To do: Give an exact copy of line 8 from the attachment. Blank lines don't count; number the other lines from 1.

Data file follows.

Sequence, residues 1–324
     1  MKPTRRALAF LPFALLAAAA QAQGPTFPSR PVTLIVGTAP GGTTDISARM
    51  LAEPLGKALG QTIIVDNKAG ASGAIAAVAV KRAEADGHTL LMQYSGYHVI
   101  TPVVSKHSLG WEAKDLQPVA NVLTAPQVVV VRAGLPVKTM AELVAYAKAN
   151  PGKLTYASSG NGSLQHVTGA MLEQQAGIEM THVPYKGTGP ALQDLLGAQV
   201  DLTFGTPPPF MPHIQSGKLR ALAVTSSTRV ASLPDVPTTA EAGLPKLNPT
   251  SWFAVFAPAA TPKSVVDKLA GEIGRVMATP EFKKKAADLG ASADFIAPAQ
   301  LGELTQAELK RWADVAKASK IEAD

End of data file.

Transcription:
   301  LGELTQAELK RWADVAKASK IEAD